The stunning beauty of North American landscapes and wildlife awaits you. Explore Red Rock Canyon State Park in California or feast your eyes on abundant wildlife in Alaska. Our American photography features can turn your next journey into a visually stunning experience.
A landscape great turns his eye on the Grand Canyon
First, Jack Dykinga won the Pulitzer Prize, and then he found his calling. As a young photographer in the 1960s and ’70s, he used the gritty streets of Chicago as his background to photograph the news. Trading skyscrapers for the wide-open desert, Dykinga has become one of the most respected landscape photographers working today.
Many nature photographers disparage the Midwest’s lack of scenery. What they’re missing is an untouched wilderness that stretches along miles of Great Lakes coastline—the U.P., Michigan’s Upper Peninsula. Nowhere in the United States will you find an area that more reflects the dramatic seasonal changes of beautiful winters, colorful falls and blooming springs through a changing landscape that offers more to the photographer than prairies, woods and wildflowers.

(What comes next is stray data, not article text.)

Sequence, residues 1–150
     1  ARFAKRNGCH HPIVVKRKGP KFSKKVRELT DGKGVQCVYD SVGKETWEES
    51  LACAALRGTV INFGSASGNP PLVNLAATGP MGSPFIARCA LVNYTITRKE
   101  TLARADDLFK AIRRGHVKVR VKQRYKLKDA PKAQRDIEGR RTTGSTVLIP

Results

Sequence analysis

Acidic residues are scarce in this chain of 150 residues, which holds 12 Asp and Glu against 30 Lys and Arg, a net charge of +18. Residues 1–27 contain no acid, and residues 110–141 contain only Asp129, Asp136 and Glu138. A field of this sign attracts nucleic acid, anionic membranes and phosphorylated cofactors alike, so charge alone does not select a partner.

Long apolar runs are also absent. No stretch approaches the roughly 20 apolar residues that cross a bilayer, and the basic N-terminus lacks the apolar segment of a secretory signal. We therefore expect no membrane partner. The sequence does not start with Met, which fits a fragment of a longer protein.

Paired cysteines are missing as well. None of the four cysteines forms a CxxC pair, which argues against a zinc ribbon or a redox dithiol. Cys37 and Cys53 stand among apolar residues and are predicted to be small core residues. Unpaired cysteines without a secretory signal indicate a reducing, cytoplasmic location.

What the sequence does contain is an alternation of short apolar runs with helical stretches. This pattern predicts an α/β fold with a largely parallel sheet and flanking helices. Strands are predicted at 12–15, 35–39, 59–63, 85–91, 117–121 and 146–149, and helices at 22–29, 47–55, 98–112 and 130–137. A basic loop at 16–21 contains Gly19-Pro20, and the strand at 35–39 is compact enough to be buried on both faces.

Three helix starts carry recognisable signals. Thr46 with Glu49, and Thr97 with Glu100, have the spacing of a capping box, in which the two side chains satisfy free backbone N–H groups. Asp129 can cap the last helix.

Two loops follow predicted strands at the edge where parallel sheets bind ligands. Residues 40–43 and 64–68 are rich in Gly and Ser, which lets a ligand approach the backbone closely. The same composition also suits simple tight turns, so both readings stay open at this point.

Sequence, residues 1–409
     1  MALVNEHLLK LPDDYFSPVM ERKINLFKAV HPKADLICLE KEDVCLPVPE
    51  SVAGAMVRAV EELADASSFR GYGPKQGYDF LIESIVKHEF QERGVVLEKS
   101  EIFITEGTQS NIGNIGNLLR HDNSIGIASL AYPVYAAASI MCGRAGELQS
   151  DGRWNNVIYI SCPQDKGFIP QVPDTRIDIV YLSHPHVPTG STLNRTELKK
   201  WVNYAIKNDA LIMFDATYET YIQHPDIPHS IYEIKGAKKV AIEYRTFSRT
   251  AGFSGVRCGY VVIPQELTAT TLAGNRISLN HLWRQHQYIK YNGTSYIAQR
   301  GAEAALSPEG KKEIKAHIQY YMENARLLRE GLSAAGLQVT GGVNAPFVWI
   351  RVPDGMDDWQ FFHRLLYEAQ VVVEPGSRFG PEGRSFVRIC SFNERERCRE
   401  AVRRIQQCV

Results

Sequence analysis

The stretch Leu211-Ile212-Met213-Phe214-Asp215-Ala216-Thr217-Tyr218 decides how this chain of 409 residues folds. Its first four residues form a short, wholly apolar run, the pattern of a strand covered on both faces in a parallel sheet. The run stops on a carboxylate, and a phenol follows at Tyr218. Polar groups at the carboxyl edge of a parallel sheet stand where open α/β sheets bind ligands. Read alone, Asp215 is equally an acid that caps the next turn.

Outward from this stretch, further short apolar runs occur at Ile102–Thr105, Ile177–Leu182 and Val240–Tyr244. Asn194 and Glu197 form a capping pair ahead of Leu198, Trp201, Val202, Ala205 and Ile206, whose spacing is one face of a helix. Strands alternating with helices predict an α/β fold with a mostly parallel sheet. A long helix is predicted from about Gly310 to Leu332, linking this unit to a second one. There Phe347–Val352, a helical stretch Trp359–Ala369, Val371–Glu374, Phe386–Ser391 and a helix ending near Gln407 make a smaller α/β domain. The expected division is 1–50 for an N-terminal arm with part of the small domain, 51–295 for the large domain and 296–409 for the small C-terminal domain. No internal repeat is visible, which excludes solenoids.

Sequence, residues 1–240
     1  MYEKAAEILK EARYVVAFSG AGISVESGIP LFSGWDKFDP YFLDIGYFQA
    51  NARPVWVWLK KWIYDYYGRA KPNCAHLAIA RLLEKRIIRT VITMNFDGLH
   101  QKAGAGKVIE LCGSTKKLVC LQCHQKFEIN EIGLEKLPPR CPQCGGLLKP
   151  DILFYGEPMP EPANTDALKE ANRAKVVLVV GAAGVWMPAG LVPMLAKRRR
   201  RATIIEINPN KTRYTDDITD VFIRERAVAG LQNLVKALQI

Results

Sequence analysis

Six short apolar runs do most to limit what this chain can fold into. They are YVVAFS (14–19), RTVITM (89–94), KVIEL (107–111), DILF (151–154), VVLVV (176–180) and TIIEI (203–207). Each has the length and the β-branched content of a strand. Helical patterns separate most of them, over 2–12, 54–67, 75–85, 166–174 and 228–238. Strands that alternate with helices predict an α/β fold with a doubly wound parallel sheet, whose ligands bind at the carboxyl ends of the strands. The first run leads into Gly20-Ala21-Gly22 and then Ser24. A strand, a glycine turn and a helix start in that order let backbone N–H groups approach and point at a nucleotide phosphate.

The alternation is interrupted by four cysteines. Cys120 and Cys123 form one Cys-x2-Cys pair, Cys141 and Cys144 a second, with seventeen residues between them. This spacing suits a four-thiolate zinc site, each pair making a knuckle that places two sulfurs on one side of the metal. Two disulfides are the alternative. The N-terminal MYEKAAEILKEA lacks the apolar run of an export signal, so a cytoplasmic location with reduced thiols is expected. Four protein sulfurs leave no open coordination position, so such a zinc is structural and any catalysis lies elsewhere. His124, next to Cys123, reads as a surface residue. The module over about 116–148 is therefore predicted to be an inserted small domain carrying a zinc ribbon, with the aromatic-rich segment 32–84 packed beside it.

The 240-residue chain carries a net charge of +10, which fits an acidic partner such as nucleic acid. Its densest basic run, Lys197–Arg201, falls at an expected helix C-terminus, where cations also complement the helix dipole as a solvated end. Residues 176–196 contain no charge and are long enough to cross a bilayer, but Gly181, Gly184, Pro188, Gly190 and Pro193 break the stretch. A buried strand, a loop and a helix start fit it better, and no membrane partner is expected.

Half a century of photography, half a hundred exhibit books and still going strong—David Muench has a new book of the work that has made him a world treasure
Resting on the dust jacket, inviting you in, is a sublime, graphical image of a huge window in solid rock. Through the sailboat-shaped opening in the massive sandstone wall, earth's old friend the moon rides full and crisp through a rich magenta wash of middusk sky. Higher up, scarlet hues ease into cool vermillion.
How a landscape photographer reinvented himself for the digital era
A lot can change in 30 years—just ask landscape photographer Carr Clifton. He has endured a turbulent stock-photography marketplace and revolutionized work flow to find himself, creatively speaking, right back where he began. As a newbie photographer in the early 1970s, Clifton simply wanted to photograph beautiful places. Today that same desire pushes him a little farther into the great outdoors.
Photographer Frederic Joy reveals some magnificent spots across Wyoming, a state dominated by mountain ranges and high-altitude plains
Frederic Joy loves Wyoming as much for the freedom of its wide-open spaces as for its spectacular mountains and wildlife. The state’s diversity includes a number of bold mountain ranges such as the Tetons, the Wind Rivers, the Absarokas and the Big Horns. These ranges alternate between high sagebrush plains and high desert, giving way to the prairie grasslands in the eastern part of the state.
From lawyer to naturalist, Ian Plant is now living the dream
To reach Smith Island, Maryland, from the mainland, nature photographer Ian Plant must navigate a kayak across the Chesapeake Bay for eight miles. While calm seas and blue skies yield an uneventful and rather rapid crossing, it also means a lackluster opportunity for powerful photography. He sets up camp on a remote beach and waits for something better in the morning.